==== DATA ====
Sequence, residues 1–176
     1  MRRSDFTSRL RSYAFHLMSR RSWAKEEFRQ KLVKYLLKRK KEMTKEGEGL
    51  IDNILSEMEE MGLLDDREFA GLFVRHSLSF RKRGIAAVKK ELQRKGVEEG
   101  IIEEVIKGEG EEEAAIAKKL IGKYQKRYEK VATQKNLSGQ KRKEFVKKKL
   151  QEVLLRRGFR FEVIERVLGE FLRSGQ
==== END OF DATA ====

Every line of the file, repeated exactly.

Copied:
Sequence, residues 1–176
     1  MRRSDFTSRL RSYAFHLMSR RSWAKEEFRQ KLVKYLLKRK KEMTKEGEGL
    51  IDNILSEMEE MGLLDDREFA GLFVRHSLSF RKRGIAAVKK ELQRKGVEEG
   101  IIEEVIKGEG EEEAAIAKKL IGKYQKRYEK VATQKNLSGQ KRKEFVKKKL
   151  QEVLLRRGFR FEVIERVLGE FLRSGQ